The Germans proceeded, in Norway, to make numerous requisitions which were or were not followed by so-called regular payments. According to the report of the Norwegian Government, here is the list of requisitioned goods: Meat, 30,000 toils; dairy products and eggs, 61,000 tons; fish, 26,000 tons; fruit and vegetables, 68,000 tons; potatoes, 500,000 tons; beverages and vinegar, 112,000 tons; fats, 10,000 tons; wheat and flour, 3,000 tons; other foodstuffs, 5,000 tons; hay and straw, 300,000 tons; other fodder, 13,000 tons; soap, 8,000 tons.

But this list which I have just read to the Tribunal includes only the official purchases, which were made with Norwegian currency and paid for through clearing ; it does not include the illicit purchases.

At present, it is not yet possible to make estimates. As an example, we can say, however, that the export of fish, most of which went to Germany, for I year only (1942) came to about 202,400 tons, whereas the official requisitions during the whole occupation amounted only to 26,000 tons.

As in other occupied territories, the Germans forced the continuation of work under threat of arrest.

Most of the Norwegian merchant fleet escaped from the Germans; nevertheless, they requisitioned all the ships they could, especially most of the fishing boats.

Even if the occupier could not seize all railway rolling stock, trams, as well as about 30,000 motor vehicles, were transported to Germany.

If we refer to the report of 10 October 1944 of the German Economic Service, which I submitted under Exhibit RF-116 (Document Number EC-86), we will see that the writer of the report himself estimates that the effort demanded from Norway was beyond her possibilities; and he writes:

"...Norwegian economy is especially heavily burdened by the demands of the occupation Forces. For this reason the cost of occupation had to be limited to cover only a part of the expenses of the Wehrmacht ......

After having mentioned that the cost of occupation which had been collected up to January 1943 amounted to 7,535 million crowns, which corroborates the data given by the- Norwegian Government, the writer of the German report says:

"This sum of more than 5,000 million Reichsmark is, indeed, very high for Norway. Much richer countries, as for example, Belgium, pay hardly more, and Denmark does not even supply half of this sum. These large payments can only be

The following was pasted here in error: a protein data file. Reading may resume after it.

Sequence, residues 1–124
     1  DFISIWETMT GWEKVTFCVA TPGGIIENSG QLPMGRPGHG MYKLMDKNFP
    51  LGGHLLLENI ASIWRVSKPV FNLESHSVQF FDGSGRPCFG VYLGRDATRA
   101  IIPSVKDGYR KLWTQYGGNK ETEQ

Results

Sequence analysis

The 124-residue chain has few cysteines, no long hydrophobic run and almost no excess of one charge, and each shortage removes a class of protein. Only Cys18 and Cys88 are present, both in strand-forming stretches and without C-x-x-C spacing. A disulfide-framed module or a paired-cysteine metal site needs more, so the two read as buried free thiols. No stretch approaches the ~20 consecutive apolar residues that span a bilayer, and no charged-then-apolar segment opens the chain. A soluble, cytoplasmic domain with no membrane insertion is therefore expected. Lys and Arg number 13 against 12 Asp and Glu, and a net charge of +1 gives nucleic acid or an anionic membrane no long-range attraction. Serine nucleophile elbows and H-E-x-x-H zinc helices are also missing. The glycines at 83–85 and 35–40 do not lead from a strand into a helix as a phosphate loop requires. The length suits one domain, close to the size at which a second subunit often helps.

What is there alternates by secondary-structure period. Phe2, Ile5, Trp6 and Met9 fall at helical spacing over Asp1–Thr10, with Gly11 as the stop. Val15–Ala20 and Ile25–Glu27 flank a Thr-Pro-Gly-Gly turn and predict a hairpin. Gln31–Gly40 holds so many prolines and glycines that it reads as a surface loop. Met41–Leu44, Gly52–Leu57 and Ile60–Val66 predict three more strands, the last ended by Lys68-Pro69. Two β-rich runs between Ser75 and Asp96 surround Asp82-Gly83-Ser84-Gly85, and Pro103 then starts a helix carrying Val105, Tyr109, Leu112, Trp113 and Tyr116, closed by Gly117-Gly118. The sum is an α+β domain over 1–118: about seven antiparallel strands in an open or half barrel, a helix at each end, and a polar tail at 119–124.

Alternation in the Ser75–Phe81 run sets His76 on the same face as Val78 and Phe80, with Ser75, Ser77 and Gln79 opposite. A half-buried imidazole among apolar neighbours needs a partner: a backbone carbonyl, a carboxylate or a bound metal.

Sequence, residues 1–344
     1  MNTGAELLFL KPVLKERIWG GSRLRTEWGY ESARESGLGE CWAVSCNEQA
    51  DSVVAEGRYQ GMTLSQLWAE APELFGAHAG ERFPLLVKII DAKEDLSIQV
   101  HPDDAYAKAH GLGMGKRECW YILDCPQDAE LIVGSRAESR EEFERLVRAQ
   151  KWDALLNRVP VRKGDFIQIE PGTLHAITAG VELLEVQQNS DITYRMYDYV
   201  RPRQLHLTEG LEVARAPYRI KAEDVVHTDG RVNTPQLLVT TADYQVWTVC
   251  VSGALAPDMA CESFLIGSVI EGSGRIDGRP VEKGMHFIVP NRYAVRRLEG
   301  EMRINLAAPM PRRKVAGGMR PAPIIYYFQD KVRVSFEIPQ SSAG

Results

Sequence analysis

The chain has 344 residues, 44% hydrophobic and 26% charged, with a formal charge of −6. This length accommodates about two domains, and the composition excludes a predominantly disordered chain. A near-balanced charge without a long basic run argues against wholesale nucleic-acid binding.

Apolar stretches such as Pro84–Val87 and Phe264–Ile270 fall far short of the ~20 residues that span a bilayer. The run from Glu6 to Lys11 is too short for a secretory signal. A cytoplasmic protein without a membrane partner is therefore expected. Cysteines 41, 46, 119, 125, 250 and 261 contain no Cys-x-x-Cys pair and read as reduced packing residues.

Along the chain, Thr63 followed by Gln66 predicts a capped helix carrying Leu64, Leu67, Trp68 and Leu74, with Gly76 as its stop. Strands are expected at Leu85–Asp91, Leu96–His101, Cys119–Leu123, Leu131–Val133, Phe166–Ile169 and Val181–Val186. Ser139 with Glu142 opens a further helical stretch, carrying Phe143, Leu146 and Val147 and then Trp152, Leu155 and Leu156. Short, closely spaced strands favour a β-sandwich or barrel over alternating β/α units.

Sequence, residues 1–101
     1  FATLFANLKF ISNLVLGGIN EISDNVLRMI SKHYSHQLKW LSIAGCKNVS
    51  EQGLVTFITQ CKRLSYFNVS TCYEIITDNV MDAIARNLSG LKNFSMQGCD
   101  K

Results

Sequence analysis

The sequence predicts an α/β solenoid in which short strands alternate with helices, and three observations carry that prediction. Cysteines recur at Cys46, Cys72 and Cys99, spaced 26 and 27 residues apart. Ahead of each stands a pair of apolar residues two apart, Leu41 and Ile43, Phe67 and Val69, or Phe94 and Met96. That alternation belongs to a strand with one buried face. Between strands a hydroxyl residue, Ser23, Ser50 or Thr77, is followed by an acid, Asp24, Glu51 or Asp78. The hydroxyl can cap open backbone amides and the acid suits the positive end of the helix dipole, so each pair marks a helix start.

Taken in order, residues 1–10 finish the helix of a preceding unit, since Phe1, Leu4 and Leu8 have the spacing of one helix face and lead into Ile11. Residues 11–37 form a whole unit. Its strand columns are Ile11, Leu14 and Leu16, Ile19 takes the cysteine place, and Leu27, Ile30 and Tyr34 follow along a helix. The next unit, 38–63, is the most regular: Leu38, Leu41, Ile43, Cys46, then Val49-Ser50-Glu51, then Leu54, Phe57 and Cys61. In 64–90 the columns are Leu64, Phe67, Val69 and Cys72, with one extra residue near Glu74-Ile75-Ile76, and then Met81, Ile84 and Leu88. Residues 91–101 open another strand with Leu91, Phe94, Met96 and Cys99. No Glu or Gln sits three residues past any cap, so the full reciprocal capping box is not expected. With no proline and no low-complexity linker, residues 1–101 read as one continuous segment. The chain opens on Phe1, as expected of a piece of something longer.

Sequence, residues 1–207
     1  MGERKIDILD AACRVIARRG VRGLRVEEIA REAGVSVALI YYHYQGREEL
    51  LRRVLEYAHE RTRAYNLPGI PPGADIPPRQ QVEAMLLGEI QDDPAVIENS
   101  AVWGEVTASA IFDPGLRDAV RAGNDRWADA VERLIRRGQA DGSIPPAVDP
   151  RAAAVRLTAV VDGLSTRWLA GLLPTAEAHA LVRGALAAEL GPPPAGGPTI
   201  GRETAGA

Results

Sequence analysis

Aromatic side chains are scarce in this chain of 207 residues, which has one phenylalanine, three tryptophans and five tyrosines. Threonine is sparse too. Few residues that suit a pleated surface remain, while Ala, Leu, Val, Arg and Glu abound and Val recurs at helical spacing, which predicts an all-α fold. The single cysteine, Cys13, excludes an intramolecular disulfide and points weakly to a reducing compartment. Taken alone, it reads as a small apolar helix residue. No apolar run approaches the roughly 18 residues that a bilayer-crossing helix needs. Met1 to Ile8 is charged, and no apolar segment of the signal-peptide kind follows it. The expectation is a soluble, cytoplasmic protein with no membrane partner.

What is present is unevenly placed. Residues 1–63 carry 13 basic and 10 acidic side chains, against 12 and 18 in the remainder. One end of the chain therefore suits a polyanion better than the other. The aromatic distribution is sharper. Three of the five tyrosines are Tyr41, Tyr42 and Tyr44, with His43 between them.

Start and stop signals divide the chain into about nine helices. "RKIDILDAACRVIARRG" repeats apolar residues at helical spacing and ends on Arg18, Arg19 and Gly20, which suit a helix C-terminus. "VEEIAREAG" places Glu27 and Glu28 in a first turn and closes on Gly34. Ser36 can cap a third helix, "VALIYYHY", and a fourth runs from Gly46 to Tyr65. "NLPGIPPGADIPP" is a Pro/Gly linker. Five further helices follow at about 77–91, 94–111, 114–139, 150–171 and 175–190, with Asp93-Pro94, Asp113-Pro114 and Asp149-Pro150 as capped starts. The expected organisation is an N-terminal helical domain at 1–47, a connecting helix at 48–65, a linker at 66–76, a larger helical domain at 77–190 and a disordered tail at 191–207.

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made possible by German additions. It is, therefore, not surprising that the German-Norwegian trade is in Germany's favor-that is, it is subsidized. Norway, owing to her very small population, can hardly put labor at the disposal of the German war economy. She is, therefore, one of the few countries which owe us certain amounts in clearing."

Further on, the writer adds:

". . . If we deduct approximately 140 million Reichsmark from the expenses of the occupation and the various credits calculated above, we have Norwegian payments to the still considerable amount of approximately 4,900 million Reichsmark."

THE PRESIDENT: Perhaps that would be a good time to break off.

[The Tribunal recessed until 1400 hours.]


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Afternoon Session

M. GERTHOFFER: I had the honor, this morning, of relating to you how the occupiers were able to exact great quantities of the means of payment from Norway. We shall now see, from the first data which have been given us, the use to which the occupiers put these means of payment.

The Germans seized, as in the other occupied countries, considerable private property on some pretext or other-property belonging to Jews, Freemasons, or Scout associations. It has been impossible, so far, to make a very exact evaluation of this spoliation. We can therefore only give some indication from memory. According to the report of the Norwegian Government, submitted under Document Number RF-121, in 1941 the Germans seized all the radio gets . , .

THE PRESIDENT: Have you any evidence to support the facts you are stating now?

M. GERTHOFFER: This is based on information contained in the report of the Norwegian Government which I have submitted under Document Number RF-121.


M. GERTHOFFER: According to that report, in 1941 the Germans seized almost all the radio sets belonging to private individuals. The value of these radio sets is approximately 120 million kroner. The Germans imposed heavy fines on the Norwegian communities under the most varied pretexts, notably Allied bombing raids and acts of sabotage.